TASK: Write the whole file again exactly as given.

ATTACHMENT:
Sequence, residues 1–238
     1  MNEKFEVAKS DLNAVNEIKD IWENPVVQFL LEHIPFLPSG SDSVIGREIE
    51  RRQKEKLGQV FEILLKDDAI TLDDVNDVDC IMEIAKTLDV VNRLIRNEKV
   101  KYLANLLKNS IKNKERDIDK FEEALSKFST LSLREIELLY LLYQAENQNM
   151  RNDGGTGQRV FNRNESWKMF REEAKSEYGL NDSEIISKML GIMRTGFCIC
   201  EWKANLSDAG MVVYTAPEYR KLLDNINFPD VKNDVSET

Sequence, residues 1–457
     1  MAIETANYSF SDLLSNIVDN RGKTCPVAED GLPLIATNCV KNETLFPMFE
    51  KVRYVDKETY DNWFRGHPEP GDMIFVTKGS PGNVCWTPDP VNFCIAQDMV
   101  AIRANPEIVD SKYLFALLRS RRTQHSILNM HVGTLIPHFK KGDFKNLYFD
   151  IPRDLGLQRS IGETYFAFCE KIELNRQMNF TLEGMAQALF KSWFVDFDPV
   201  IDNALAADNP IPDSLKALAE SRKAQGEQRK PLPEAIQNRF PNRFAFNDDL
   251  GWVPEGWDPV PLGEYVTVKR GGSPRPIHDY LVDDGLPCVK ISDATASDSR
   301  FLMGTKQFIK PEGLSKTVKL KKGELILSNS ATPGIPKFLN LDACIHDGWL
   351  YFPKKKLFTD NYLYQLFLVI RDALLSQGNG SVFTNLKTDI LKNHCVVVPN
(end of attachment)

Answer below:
Sequence, residues 1–238
     1  MNEKFEVAKS DLNAVNEIKD IWENPVVQFL LEHIPFLPSG SDSVIGREIE
    51  RRQKEKLGQV FEILLKDDAI TLDDVNDVDC IMEIAKTLDV VNRLIRNEKV
   101  KYLANLLKNS IKNKERDIDK FEEALSKFST LSLREIELLY LLYQAENQNM
   151  RNDGGTGQRV FNRNESWKMF REEAKSEYGL NDSEIISKML GIMRTGFCIC
   201  EWKANLSDAG MVVYTAPEYR KLLDNINFPD VKNDVSET

Sequence, residues 1–457
     1  MAIETANYSF SDLLSNIVDN RGKTCPVAED GLPLIATNCV KNETLFPMFE
    51  KVRYVDKETY DNWFRGHPEP GDMIFVTKGS PGNVCWTPDP VNFCIAQDMV
   101  AIRANPEIVD SKYLFALLRS RRTQHSILNM HVGTLIPHFK KGDFKNLYFD
   151  IPRDLGLQRS IGETYFAFCE KIELNRQMNF TLEGMAQALF KSWFVDFDPV
   201  IDNALAADNP IPDSLKALAE SRKAQGEQRK PLPEAIQNRF PNRFAFNDDL
   251  GWVPEGWDPV PLGEYVTVKR GGSPRPIHDY LVDDGLPCVK ISDATASDSR
   301  FLMGTKQFIK PEGLSKTVKL KKGELILSNS ATPGIPKFLN LDACIHDGWL
   351  YFPKKKLFTD NYLYQLFLVI RDALLSQGNG SVFTNLKTDI LKNHCVVVPN